This page is designed to help Deputy District Attorneys in Los Angeles with the legal and ethical problems created by recent policy changes. As a general disclaimer, prosecutors at LADA are the deputies of the elected DA and should work to assist him. However, they are not required to assist him if doing so would violate the law or ethical rules.
Are The New Special Directives Legal?
Most of them are. But many of them are not. What follows is a summary of the ways in which the special directives are illegal. Click the links for more details.
The directive not to file strike offense is illegal. The California Constitution and the Penal Code require you to plead and prove strike enhancements. They must be filed, despite Special Directive 20-08. The ADDA sued over this (and other issues) and won an injunction. Then, Gascon tried to avoid the injunction by issuing new orders, which are also illegal.
The Three Strikes Law is constitutional, despite what your boss says. And anyway, it’s not up to him. Don’t follow his orders to tell the courts otherwise, since you cannot mislead courts about the law.
Special Directive 20-08 does not allow you to “dismiss or withdraw” enhancements. Those decisions belong to the court, and must be in the interests of justice.
Special Directive 20-14 and 20-08.1 require you to say things to the court that you might not believe are true. You can’t say things that aren’t true to the court. You can’t let the prosecutors you supervise do it either. That violates the Rules of Professional Conduct and the Business and Professions Code.
You cannot move to dismiss a prior before the preliminary hearing. The limited powers of a magistrate at preliminary hearing do not include the power to strike a prior conviction.
You can only move to dismiss certain gun enhancements at sentencing, not before.
Strict compliance with the new orders violates Marsy’s Law. This law requires you to get in touch with the victims before you make the motions required by the special directives. They have a chance to try to talk the judge out of going along.
Your Union Is Suing Your Boss
The Los Angeles Association of Deputy District Attorneys sued George Gascon on December 30, 2020. You can find the documents here. The California District Attorney’s Association filed an amicus brief supporting the union. They also published a letter explaining why the new policies are an “emerging public safety tragedy.” They obtained a preliminary injunction against Gascon, who then turned around and tried to avoid it with new special directives.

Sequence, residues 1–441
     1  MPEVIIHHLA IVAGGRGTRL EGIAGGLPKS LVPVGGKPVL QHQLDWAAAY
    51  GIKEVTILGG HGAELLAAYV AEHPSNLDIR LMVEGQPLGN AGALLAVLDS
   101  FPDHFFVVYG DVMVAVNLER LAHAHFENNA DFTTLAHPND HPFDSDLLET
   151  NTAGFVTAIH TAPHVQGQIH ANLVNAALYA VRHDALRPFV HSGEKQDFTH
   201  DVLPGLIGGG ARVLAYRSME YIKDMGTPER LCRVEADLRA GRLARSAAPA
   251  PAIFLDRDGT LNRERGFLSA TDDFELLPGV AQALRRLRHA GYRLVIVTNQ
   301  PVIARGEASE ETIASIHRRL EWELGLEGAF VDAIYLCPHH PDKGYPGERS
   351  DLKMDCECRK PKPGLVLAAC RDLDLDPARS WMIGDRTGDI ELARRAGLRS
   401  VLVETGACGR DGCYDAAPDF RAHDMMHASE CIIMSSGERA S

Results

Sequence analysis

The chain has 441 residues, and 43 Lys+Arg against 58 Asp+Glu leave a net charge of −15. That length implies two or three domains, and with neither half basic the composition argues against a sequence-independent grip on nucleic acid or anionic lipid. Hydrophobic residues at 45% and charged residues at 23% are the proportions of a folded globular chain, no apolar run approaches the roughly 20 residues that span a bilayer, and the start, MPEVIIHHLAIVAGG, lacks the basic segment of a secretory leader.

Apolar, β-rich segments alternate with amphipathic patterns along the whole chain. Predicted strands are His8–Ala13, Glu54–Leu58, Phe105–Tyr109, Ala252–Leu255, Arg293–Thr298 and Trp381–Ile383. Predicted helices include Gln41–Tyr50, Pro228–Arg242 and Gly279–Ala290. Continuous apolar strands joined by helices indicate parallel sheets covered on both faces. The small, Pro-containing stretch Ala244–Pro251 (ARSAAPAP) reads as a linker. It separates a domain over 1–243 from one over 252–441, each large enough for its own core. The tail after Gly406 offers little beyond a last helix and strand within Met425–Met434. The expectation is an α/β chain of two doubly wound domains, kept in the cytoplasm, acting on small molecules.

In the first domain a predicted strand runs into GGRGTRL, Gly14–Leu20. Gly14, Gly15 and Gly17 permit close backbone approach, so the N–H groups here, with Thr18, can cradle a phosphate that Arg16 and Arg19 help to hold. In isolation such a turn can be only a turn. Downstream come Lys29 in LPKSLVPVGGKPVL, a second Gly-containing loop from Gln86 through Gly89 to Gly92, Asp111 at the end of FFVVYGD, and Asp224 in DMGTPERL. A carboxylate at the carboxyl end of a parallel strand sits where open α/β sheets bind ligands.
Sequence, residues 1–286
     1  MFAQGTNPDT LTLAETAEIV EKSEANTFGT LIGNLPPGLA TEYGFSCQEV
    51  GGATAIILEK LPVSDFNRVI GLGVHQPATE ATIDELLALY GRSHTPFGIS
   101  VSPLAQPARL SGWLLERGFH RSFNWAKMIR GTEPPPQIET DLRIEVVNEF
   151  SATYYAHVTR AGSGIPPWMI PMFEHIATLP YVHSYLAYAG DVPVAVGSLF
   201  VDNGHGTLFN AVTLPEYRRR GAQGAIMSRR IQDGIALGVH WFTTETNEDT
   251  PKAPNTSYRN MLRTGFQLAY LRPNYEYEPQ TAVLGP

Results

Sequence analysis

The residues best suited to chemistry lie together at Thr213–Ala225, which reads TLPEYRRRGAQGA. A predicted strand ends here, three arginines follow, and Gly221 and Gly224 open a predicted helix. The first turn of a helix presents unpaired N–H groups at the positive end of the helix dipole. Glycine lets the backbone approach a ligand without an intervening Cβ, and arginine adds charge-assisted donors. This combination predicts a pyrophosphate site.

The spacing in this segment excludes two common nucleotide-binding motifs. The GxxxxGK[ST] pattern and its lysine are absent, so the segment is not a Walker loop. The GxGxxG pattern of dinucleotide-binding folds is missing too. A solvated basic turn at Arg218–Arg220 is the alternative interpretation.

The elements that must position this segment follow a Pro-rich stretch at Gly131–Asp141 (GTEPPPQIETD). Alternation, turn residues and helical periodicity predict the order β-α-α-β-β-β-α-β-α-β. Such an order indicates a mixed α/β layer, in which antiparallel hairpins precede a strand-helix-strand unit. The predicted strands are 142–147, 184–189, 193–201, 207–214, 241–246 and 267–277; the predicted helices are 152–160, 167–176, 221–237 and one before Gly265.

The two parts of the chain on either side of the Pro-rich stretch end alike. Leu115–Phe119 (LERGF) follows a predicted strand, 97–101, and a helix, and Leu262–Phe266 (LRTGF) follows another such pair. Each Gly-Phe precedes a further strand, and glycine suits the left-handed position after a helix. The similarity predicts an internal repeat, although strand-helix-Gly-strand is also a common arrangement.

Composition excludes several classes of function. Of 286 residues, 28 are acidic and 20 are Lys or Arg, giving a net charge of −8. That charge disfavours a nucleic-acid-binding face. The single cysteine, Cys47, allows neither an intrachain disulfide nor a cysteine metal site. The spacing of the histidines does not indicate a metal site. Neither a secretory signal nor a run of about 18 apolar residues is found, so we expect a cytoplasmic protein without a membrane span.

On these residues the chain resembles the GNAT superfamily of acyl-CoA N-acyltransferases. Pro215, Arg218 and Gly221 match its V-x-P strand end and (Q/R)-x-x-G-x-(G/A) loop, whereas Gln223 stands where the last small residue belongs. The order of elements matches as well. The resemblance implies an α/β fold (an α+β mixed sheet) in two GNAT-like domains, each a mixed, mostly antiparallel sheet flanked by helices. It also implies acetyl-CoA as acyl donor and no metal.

What LADA’s Appellate Division Told Gascon About His Directives
LADA’s Appellate Division analyzed the new special directives and identified problem areas. They warned Gascon and his administration that many of them were illegal. They also warned him that his scripts would cause ethical problems for the deputies required to read them.
You can download and read the memoranda here.
Can I Speak Out?
Yes. You should read Garcetti v. Ceballos (2006) 547 U.S. 410, which discusses your First Amendment rights as public employees. The case actually came out of the Los Angeles County District Attorney’s Office in 2006. Here’s a brief summary.
Several deputy DAs from Los Angeles County have already spoken out against the new changes.
Can Gascon Be Recalled?
Yes, but it’s not easy. Just getting a recall on the ballot requires collecting lots of signatures in a short amount of time. There are already groups trying to do this.
What If They Try to Fire Me?
LA DDAs have civil service protections. You have rights if the office tries to fire you or demote you. For example, you may force the office to explain why they are disciplining you to the Civil Service Commission. If the Commission finds the reasons to be insufficient, you will be reinstated.
Also, you are allowed to be represented by your union in any meeting with a supervisor which you reasonably believe can result in discipline. (NLRB v. J. Weingarten, Inc. (1975) 420 U.S. 251.)
I [state your name], do solemnly swear (or affirm) that I will support and defendant the Constitution of the United States and the Constitution of the State of California against all enemies, foreign and domestic; that I will bear true faith and allegiance to the Constitution of the United States and the Constitution of the State of California; that I take this obligation freely, without any mental reservation or purpose of evasion; and that I will well and faithfully discharge the duties upon which I am about to enter.